Glenn Kaino, ‘Now Do I Repay a Period Won (Libya) 01’, 2015, ICI Annual Benefit & Auction 2015
Glenn Kaino, ‘Now Do I Repay a Period Won (Libya) 01’, 2015, ICI Annual Benefit & Auction 2015
Glenn Kaino, ‘Now Do I Repay a Period Won (Libya) 01’, 2015, ICI Annual Benefit & Auction 2015

Glenn Kaino’s art practice bridges his formal training in sculpture with rigorous conceptual inquiry. This sculpture with the palindromic title, Now Do I Repay a Period Won, is part of an ongoing series that began when the artist visited Cairo to prepare for the (now postponed) Cairo Biennale. While visiting Tahir Square, Kaino contemplated the value of rocks used in violent protests: “When it’s on the ground, it’s rubble. . . . When it’s in the air, it’s vital, it’s alive.” In the series, Kaino takes the position of an activist and throws rocks at steel silhouettes of the U.S. Embassies that correspond to the geographic origins of the rocks. Kaino’s work can be found in the collections of the Studio Museum in Harlem, New York, and the Hammer Museum, Los Angeles, among others.

Image rights: Courtesy of the artist and Honor Fraser, Los Angeles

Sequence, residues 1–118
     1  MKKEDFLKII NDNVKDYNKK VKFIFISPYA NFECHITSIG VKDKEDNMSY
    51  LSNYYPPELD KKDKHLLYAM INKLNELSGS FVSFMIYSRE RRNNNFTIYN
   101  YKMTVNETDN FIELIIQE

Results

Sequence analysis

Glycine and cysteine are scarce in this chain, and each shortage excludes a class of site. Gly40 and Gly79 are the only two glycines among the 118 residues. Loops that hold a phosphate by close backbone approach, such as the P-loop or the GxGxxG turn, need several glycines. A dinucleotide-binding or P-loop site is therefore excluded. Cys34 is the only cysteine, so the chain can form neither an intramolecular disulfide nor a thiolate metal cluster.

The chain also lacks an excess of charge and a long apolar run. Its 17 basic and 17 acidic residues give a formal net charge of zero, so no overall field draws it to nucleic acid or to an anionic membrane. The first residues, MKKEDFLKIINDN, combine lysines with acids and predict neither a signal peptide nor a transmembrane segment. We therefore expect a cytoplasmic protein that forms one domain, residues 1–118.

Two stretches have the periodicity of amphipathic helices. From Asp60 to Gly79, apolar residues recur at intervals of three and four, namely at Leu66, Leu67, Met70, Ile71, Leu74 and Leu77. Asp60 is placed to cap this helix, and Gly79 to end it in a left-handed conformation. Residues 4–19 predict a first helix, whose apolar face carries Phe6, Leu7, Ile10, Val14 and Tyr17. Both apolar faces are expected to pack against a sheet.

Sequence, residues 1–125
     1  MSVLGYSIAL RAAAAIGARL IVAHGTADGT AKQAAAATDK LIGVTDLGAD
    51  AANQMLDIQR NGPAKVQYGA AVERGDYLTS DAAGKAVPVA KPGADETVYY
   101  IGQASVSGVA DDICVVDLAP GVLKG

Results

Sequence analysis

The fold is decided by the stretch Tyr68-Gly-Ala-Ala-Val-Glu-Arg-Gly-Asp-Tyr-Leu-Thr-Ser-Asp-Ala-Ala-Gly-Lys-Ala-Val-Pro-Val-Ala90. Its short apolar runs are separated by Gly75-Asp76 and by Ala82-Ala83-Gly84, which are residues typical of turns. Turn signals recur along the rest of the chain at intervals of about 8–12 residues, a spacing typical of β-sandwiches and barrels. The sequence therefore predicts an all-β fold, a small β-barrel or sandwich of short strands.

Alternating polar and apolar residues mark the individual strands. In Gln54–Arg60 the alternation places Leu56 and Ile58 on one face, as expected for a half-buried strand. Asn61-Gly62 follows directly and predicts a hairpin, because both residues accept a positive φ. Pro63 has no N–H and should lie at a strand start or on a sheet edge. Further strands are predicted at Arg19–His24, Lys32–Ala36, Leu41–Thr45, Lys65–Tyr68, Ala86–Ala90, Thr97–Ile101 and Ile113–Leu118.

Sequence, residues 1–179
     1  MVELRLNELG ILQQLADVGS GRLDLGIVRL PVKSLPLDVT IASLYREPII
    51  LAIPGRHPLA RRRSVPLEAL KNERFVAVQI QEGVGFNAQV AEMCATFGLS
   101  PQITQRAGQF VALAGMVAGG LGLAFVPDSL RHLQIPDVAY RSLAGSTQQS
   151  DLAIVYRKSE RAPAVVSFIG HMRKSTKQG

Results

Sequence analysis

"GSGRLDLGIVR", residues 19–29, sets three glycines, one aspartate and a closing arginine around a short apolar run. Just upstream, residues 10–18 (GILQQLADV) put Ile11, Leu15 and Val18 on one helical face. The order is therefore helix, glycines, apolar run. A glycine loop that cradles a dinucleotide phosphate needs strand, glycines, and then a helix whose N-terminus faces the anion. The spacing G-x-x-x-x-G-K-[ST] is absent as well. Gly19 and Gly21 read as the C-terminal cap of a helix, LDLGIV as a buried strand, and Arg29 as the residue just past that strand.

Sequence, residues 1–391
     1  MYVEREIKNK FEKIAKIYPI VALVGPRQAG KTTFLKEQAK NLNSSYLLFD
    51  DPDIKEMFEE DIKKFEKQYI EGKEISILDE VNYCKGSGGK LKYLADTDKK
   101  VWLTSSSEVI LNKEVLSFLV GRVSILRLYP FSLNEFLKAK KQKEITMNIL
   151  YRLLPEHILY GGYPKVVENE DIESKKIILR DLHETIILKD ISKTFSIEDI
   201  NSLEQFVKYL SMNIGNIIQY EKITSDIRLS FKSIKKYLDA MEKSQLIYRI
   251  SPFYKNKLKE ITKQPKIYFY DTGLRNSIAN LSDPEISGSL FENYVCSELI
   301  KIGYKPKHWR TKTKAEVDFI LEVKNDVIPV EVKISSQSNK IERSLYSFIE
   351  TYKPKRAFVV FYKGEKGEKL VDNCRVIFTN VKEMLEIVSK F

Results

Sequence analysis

About Glenn Kaino

Glenn Kaino is a Los Angeles-based conceptual artist who draws on his undergraduate education in computer science and formal training as a sculptor. He engineers large-scale installations and site- or situation-specific sculptural works, which are infused with sociopolitical commentary, pop culture issues, and interdisciplinary references. Kaino differentiates himself by integrating subject matter peripheral to art into his practice, namely digital media, and his career is a balancing act between the worlds of art and technology. In 2004, Kaino debuted Desktop Operation: There’s No Place Like Home (2003) at the Whitney Biennial. He served as the chief creative officer for the late digital music startup, Napster, and created an experimental, independent web platform for the dissemination and sharing of contemporary art.

American, b. 1972